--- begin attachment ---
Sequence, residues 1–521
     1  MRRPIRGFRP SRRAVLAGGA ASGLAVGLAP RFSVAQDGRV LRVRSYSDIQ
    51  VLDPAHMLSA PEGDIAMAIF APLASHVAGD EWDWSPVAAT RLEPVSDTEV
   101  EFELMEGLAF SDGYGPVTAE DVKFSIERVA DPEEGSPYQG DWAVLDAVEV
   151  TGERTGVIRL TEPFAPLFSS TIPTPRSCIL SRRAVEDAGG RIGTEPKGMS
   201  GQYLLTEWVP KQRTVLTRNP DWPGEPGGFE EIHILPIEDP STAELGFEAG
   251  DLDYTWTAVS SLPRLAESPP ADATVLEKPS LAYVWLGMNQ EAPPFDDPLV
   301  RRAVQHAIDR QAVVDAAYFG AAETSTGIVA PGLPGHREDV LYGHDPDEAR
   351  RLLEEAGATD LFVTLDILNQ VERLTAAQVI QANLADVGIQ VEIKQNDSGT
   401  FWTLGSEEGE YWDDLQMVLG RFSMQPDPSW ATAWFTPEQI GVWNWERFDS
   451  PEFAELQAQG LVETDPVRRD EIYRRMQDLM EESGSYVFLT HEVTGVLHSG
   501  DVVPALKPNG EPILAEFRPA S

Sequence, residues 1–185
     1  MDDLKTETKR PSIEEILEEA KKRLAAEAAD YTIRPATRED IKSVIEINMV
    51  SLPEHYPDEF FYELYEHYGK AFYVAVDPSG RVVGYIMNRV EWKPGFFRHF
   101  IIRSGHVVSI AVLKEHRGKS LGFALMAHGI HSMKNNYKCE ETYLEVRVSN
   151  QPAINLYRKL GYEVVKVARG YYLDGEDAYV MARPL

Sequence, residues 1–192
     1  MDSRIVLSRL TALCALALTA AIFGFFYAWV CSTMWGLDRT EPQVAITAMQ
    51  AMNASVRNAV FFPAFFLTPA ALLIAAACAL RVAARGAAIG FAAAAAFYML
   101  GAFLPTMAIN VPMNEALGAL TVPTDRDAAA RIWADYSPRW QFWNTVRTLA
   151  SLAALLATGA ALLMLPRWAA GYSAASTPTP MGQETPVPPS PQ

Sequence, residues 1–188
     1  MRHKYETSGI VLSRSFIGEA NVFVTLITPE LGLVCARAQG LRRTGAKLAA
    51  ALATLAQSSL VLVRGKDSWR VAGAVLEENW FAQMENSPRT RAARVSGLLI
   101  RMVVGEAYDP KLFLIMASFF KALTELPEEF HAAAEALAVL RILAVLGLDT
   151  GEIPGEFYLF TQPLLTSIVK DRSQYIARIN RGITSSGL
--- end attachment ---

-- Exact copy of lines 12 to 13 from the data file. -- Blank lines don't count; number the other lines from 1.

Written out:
   501  DVVPALKPNG EPILAEFRPA S

Sequence, residues 1–185